- Russia ‘will show the whole world we are right,’ senator says
- Siege of Aleppo aided by Putin-Erdogan rapprochement: SOHR
Vladimir Putin may be on the cusp of a pivotal victory in Syria’s civil war that would make it much harder for the U.S. to achieve its stated goal of ousting Bashar al-Assad without a major military escalation.
Assad’s troops, backed by Russian air power, are bearing down on rebels entrenched in Aleppo, Syria’s most populous city before fighting erupted in 2011. Reclaiming Syria’s commercial capital would give Assad control over all major population centers and cement his hold on a contiguous swath of land from Turkey to Jordan that makes up almost half of the country.
“Russia will stick to its guns in Syria and show the whole world we are right,” Frants Klintsevich, deputy head of the defense committee in the upper house of parliament, said by phone from Moscow. Driving the last rebel groups out of Aleppo within a few months is now “quite realistic,” he said.
It’s been almost a year since Putin stunned the U.S. and its allies by entering the conflict to battle Islamist militants and prop up an old ally, turning the tables on western and regional powers intent on regime change. What started as a bloody crackdown on peaceful protesters morphed into a multifaceted proxy war that triggered Europe’s worst migrant crisis since World War II and facilitated the rise of Islamic State and its global campaign of terror.
Opposition militias in Aleppo over the weekend managed to open a route out of besieged neighborhoods where some quarter of a million people live, but renewed strikes by government and Russian forces are preventing them from securing it, according to the U.K.-based Syrian Observatory for Human Rights, or SOHR, which monitors the war through activists on the ground.
Syria’s official SANA news service called the fighting inside Aleppo “fierce,” while footage posted on the Twitter feed of the opposition’s Orient News showed dozens of residents dancing to the chant of “freedom, freedom, we want our freedom in spite of you, Bashar.”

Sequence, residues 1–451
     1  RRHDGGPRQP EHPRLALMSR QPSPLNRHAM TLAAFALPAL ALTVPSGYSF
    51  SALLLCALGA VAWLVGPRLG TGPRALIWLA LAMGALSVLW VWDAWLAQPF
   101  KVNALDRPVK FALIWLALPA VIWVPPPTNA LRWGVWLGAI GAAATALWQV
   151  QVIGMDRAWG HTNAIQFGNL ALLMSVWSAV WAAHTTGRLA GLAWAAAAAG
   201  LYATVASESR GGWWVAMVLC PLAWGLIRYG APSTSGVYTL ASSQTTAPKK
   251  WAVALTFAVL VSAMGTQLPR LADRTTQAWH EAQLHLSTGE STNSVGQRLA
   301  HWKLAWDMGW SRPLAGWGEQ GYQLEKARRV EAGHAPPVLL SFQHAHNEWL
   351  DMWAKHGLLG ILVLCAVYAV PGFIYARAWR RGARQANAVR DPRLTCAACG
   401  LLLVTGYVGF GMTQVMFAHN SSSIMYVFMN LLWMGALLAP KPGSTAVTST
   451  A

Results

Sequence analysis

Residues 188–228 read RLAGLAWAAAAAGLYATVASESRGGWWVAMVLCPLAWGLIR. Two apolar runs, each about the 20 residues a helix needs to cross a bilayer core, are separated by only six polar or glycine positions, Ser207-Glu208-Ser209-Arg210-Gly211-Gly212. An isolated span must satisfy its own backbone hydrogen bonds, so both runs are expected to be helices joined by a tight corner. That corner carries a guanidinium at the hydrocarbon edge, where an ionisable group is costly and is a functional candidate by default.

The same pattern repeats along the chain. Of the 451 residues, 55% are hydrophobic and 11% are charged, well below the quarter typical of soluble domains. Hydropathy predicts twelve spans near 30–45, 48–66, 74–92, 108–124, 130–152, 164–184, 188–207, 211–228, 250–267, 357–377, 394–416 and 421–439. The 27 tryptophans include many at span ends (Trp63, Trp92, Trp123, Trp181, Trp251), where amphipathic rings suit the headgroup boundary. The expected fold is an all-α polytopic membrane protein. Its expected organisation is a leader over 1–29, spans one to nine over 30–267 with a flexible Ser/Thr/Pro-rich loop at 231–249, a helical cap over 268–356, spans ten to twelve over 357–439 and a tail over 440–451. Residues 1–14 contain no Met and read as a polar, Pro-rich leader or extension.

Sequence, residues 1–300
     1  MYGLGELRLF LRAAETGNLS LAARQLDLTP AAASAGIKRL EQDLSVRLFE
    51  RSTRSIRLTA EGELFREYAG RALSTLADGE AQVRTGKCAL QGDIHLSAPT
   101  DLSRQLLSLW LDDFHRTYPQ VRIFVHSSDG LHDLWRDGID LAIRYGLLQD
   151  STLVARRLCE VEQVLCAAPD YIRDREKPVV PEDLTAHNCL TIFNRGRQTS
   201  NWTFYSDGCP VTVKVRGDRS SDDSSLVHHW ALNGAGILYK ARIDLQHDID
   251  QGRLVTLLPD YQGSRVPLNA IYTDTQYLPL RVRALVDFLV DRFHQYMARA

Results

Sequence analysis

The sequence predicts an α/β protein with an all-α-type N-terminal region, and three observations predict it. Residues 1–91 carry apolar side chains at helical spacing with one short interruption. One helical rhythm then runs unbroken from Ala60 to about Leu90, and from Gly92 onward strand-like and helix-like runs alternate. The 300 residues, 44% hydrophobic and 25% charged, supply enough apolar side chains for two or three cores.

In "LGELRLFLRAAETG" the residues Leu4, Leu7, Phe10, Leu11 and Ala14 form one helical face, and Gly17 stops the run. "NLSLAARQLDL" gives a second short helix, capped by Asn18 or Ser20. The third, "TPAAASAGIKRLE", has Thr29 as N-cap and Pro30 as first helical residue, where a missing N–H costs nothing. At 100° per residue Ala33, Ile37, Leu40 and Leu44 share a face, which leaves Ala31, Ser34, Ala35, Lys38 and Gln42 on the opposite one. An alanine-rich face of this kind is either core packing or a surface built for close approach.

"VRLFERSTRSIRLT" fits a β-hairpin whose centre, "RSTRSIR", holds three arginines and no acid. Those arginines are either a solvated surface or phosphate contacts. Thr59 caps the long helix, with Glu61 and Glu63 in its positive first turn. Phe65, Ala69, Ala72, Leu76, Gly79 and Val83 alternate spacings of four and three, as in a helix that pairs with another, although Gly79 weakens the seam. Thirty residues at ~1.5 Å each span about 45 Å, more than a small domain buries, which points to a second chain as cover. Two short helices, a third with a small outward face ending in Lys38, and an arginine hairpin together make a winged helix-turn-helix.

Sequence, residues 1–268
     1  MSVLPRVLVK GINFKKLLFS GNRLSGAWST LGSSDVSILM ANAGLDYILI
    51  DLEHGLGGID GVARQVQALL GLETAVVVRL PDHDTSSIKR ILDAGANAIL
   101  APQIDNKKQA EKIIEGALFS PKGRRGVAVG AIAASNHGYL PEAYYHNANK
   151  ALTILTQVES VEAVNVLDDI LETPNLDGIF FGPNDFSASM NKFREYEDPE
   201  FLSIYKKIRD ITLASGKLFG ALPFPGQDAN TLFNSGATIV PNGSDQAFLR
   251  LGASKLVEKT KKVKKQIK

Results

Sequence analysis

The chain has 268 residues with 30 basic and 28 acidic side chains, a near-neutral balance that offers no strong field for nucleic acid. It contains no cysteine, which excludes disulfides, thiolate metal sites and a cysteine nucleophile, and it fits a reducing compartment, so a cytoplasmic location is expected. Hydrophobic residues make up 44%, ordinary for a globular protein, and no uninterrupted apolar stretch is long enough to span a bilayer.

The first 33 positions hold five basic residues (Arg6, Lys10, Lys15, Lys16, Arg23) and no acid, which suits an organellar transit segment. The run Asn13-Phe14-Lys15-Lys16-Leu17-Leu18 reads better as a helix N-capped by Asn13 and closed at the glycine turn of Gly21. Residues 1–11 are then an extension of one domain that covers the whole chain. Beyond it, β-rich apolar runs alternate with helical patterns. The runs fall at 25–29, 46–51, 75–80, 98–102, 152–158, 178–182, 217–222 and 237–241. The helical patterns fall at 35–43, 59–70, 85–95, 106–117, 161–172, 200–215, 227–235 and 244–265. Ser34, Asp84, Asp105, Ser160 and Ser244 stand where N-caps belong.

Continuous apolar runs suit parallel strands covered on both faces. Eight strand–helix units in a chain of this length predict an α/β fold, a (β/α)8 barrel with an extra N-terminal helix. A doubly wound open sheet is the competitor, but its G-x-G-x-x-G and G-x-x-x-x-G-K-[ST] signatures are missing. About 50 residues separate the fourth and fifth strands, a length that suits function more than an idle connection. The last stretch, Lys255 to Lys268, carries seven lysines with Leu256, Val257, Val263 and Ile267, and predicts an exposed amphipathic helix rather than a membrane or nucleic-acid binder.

"The rebels managing to break the siege despite their lack of air power and despite the huge imbalance of power in favor of the Russians and the Iranians and the regime is by itself proof that this is a battle much harder to win than the Russians or the Iranians thought," said Riad Kahwaji, head of the Dubai-based Institute for Near East and Gulf Military Analysis.
The joint siege got an unexpected boost last month when a failed coup in neighboring Turkey accelerated a rapprochement between President Recep Tayyip Erdogan and Putin, who called Turkey’s downing of a Russian fighter near the Syrian border last year a “stab in the back.”
With authorities in Ankara accusing the U.S. of complicity in the putsch and officials from Washington to Brussels condemning Erdogan’s resultant purge, the Turkish leader is turning to Putin to forge a new strategic partnership. The two leaders will meet in St. Petersburg on Tuesday, a day after Putin holds talks with the president of Iran, Assad’s other major benefactor.
Key to the Turkish detente for Putin is getting Erdogan to curtail the flow of arms and men to militias fighting his sworn enemy Assad, which he’s been doing since the failed coup, according to SOHR director Rami Abdurrahman. Turkey has slowed weapons shipments from Arab countries for the Aleppo battle, while slashing its own flows dramatically, he said.
“The Syrian regime wouldn’t have been able to besiege Aleppo had it not been for the Turkish-Russian rapprochement,” Abdurrahman said. “The military support is not what it used to be.”
The capture of Aleppo, whose eastern neighborhoods have been held by rebels since 2012, would give Assad control of more than 40 percent of Syrian territory and 60 percent of the population, leaving Islamic State with about 35 percent of the country, mostly desert, according to SOHR estimates. The Kurds have about 15 percent of Syrian land, with the rest split between other groups.